The new article describes the measures to be applied to eliminate or reduce use-related hazards and also provides a brief overview of human factors validation testing and key points associated thereto.




The Food and Drug Administration (FDA or the Agency), the US regulating authority in the spare of medical devices and other healthcare products, has published a guidance document dedicated to the application of human factors and usability engineering to medical devices. The document provides additional clarifications regarding the way the provision of applicable legislation should be interpreted, as well as recommendations to be taken into consideration by medical device manufacturers intended to market their products in the US. Due to the legal nature of the document, provisions thereof are non-binding, nor should be construed as ones introducing new rules or requirements. Moreover, the Agency explicitly states that an alternative approach could be applied, provided such an approach is in line with the existing regulatory framework and has been agreed with the authority in advance. 

The scope of the guidance covers the matters related to the assessment and evaluation of human factors describing how the way the device is used by the customer impacts the overall safety and effectiveness of the product. The document also highlights the aspects to be considered by medical device manufacturers when analyzing information about the use of the products to develop and implement efficient measures reducing use errors arising from the design of the device itself and also from the issues associated with user interface design. 


Elimination or Reduction of Use-Related Hazards 

As it is stated by the FDA, medical device manufacturers should take all the steps necessary to identify use-related hazards in the course of preliminary analyses and evaluation. The matters related to different types of preliminary analyses and specific aspects associated thereto are described in detail in previous articles. Once the issues have been identified, the manufacturer should develop and implement the measures to eliminate the hazards to the minimum extent possible, and also reduce the likelihood of them giving rise to incidents and adverse events, and causing harm to patients. The authority explicitly states that such measures should be taken before the device in question will be subject to human factors validation testing.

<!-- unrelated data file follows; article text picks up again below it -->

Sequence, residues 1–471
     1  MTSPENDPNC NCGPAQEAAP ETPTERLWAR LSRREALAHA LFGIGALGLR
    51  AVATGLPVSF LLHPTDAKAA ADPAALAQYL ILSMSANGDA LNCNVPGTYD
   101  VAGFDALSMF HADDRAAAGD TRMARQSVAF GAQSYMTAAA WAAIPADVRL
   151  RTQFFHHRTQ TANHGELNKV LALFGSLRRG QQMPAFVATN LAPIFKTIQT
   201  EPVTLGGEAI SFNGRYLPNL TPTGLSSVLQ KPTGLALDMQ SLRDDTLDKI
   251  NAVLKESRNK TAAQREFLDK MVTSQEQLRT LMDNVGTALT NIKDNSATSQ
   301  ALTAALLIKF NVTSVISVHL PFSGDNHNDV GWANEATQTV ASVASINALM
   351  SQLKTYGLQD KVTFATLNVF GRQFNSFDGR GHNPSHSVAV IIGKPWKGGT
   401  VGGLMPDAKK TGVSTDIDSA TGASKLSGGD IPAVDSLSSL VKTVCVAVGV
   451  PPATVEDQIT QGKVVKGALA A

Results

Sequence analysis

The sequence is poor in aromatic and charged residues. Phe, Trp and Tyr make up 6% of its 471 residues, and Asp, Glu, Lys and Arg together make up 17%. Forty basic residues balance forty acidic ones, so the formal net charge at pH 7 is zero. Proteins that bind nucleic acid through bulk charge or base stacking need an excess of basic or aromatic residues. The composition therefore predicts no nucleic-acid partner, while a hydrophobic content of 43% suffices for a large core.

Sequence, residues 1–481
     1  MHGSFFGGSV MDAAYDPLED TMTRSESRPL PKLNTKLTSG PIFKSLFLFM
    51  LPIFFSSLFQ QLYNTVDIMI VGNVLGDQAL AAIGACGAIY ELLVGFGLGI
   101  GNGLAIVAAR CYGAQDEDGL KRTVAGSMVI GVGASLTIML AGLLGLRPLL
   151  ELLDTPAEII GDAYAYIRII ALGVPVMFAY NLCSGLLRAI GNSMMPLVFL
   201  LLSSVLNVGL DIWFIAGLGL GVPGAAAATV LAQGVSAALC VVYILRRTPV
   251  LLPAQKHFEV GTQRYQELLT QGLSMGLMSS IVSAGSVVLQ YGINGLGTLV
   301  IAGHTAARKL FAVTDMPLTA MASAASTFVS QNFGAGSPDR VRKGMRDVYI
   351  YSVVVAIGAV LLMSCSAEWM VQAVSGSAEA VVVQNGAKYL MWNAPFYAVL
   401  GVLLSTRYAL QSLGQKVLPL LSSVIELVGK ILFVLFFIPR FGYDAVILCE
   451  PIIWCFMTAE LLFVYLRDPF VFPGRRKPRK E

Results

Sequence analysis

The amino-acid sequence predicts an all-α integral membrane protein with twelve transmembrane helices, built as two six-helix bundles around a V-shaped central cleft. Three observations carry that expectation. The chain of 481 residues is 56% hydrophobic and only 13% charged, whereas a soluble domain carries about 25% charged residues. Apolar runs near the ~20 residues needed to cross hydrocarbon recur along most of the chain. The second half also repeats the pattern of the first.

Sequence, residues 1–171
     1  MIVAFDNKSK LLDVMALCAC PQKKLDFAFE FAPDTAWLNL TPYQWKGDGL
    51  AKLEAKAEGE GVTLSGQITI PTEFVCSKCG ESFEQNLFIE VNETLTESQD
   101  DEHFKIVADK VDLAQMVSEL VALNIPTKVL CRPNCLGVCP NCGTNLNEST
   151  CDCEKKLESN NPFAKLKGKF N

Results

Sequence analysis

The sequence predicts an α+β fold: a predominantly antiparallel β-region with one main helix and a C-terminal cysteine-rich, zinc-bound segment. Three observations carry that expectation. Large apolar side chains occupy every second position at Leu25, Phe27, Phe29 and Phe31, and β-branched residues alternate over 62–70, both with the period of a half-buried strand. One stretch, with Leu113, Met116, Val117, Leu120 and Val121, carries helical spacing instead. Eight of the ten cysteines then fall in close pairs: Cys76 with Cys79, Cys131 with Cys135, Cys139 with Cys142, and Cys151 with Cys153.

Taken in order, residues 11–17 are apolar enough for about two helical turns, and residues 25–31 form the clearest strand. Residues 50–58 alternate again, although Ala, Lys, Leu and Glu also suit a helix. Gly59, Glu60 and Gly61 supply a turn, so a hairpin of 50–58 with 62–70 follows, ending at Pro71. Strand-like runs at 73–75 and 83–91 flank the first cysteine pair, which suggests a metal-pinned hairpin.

To achieve the purpose described hereinabove, the appropriate risk management strategies should be applied. In certain cases, multiple strategies should be applied simultaneously for the desired result to be achieved. The document provides risk management options as described in the applicable standard ANSI/AAMI/ISO 14971. The options include, inter alia, the following ones:

  1. Inherent safety by design (for instance, the manufacturer may use a specific type of connectors that makes it impossible to connect the components that are not compatible with the device, or remove the operation that results in use errors, or improve the way the important use-related information is provided in labels);
  2. Protective measures in the medical device itself or the manufacturing process (for instance, the manufacturer may introduce physical safety guards or introduce similar safety mechanisms to the software operating the device, add notifications informing the user about conditions that should be in place before using the device, incorporate special alerts notifying users about hazardous conditions, or employ the technologies requiring less maintenance);